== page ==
A harrowing cautionary narrative that speaks to patients and physicians alike on the ugly reality of the enduring opioid...

IN PAIN

A BIOETHICIST’S PERSONAL STRUGGLE WITH OPIOIDS

A debilitating accident prompts a man’s descent into opioid dependence.

Rieder (Toward a Small Family Ethic, 2016, etc.), the assistant director for Education Initiatives at the Johns Hopkins Berman Institute of Bioethics, retraces the aftermath of a traumatic 2015 accident that shattered his foot and forced him to endure six grueling surgeries. Eventually, the author was sent home with a stockpile of opioid painkillers for his excruciating pain. Rieder doesn’t skimp on the grisly post-surgical details, including “the boiling pain of carved tissue” or how “coming out of anesthesia was basically the process of discovering how awful it was to be conscious.” Sprinkled among the chronological chapters of his recovery are fascinating sections in which the author discusses the historical narrative of opioids, racial differences in pain assessment, and the intricate mechanics of physical pain, that “fiery, boiling, acidic” suffering that Rieder knows well. As he recovered, his physician advised him to wean himself off the high doses of oxycodone he was taking. The author describes weeks of agonizing withdrawal symptoms, including insomnia, nausea, cold sweats, and terrifying emotional darkness, which, as a new father to a young daughter, left him unable to care for her at home. Though he fortunately overcame his opioid dependence, Rieder believes he is one of the lucky ones and that improved withdrawal management and behavioral intervention programs must be mandated in hospitals to “help patients escape the grip of this medication.” Later in the book, the author takes a critical detour to skillfully address the primary challenge facing opioid-prescribing physicians: initiating dependency while dutifully attempting to alleviate severe patient discomfort. Rieder recognizes in himself—and others, including his mother, who had knee replacement surgery—the dilemma facing the medical community: treating patients in pain with dangerously addictive medications responsible for killing thousands yearly. With this smart, riveting, real-life account, the author proves himself a convincing and effective advocate for opioid use reform.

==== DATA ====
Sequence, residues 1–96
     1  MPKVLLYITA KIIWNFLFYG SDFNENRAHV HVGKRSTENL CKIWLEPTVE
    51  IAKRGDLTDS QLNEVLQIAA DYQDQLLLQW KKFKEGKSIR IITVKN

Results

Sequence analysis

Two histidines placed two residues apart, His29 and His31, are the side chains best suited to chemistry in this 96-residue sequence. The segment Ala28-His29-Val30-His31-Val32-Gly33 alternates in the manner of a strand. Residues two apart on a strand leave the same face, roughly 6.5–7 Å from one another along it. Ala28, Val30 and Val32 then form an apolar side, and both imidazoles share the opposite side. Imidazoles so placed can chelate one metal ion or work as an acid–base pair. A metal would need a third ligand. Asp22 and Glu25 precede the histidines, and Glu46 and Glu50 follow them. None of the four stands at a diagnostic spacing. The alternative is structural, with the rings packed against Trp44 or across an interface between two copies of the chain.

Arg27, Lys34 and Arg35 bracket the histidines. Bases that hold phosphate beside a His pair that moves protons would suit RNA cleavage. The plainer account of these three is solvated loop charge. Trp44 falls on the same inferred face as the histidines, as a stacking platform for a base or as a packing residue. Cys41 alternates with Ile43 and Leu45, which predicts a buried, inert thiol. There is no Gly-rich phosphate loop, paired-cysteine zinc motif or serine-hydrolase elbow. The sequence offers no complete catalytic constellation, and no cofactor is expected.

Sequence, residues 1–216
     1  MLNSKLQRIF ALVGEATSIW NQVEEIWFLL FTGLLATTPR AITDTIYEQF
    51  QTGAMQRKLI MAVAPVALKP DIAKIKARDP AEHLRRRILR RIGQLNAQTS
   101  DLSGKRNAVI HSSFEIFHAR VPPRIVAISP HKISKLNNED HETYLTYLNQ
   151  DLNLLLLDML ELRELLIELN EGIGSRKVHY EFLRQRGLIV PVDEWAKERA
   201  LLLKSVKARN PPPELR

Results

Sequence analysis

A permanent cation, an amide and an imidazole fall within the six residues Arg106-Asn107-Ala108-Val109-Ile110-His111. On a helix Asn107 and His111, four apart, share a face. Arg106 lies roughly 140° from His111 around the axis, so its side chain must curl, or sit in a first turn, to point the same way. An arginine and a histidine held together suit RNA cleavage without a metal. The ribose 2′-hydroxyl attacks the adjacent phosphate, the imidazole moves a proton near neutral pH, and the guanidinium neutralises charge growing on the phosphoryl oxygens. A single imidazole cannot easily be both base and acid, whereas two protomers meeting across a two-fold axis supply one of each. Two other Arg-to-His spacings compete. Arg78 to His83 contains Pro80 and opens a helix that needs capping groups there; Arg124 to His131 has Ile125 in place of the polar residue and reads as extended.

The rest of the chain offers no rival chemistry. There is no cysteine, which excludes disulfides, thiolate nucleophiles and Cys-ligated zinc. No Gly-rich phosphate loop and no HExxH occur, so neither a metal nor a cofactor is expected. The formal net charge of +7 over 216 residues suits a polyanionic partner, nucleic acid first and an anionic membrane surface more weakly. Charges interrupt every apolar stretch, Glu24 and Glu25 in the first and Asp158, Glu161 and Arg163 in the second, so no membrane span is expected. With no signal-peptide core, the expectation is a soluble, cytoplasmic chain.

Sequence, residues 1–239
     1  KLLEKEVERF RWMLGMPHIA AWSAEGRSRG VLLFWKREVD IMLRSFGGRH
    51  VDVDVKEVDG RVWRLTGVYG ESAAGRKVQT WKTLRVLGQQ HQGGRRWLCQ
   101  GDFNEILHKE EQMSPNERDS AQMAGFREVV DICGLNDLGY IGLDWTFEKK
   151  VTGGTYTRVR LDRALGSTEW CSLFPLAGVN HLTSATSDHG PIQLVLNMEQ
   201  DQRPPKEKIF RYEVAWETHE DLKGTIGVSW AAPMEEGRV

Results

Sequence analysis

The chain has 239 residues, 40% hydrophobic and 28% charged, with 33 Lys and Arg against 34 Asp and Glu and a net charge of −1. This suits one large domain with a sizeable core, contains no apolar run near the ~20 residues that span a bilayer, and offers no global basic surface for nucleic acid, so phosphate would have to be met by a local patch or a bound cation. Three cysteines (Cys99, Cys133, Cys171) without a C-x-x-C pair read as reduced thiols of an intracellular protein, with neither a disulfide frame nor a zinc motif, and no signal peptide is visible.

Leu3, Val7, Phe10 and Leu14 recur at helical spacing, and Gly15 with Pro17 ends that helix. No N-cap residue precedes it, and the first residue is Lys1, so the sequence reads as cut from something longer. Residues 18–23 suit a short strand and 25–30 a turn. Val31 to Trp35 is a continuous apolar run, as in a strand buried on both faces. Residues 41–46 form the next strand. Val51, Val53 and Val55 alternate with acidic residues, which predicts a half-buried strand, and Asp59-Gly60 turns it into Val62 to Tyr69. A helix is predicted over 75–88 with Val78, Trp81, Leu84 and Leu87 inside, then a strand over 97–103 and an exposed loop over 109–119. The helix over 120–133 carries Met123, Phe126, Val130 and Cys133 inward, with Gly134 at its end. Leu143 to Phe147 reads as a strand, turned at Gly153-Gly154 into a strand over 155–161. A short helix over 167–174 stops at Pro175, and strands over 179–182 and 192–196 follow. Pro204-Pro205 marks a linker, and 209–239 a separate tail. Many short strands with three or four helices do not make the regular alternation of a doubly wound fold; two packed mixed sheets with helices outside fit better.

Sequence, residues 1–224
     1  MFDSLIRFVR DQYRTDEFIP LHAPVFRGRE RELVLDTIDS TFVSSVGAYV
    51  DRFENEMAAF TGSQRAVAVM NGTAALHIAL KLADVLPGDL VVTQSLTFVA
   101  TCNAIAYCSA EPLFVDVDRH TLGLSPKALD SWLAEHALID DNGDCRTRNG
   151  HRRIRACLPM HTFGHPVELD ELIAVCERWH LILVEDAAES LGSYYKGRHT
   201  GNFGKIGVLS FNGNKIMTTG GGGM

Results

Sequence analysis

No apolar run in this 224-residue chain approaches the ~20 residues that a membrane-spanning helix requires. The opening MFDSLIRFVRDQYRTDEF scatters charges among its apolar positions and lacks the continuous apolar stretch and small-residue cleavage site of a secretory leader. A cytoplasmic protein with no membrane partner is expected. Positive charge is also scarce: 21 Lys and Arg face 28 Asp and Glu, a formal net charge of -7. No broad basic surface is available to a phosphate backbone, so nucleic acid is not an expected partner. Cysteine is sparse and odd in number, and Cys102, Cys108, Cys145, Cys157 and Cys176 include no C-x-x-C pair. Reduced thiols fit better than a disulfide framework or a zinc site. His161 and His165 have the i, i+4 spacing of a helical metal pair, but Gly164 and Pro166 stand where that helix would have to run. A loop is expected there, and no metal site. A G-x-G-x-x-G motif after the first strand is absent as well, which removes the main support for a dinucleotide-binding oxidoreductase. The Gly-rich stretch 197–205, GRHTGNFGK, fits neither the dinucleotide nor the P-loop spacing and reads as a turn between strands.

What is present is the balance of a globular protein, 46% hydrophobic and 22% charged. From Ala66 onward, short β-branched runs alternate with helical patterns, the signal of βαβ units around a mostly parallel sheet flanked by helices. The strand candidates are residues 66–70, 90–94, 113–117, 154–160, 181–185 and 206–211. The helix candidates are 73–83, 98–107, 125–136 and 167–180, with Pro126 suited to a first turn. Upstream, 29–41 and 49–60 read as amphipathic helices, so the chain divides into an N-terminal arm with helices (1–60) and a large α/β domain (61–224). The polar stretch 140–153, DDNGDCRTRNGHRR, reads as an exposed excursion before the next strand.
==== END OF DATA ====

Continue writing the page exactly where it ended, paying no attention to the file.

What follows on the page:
A harrowing cautionary narrative that speaks to patients and physicians alike on the ugly reality of the enduring opioid epidemic.

Pub Date: June 18, 2019

ISBN: 978-0-06-285464-3

Page Count: 320

Publisher: Harper/HarperCollins

Review Posted Online: March 25, 2019

Kirkus Reviews Issue: April 15, 2019

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If the authors are serious, this is a silly, distasteful book. If they are not, it’s a brilliant satire.

THE 48 LAWS OF POWER

The authors have created a sort of anti-Book of Virtues in this encyclopedic compendium of the ways and means of power.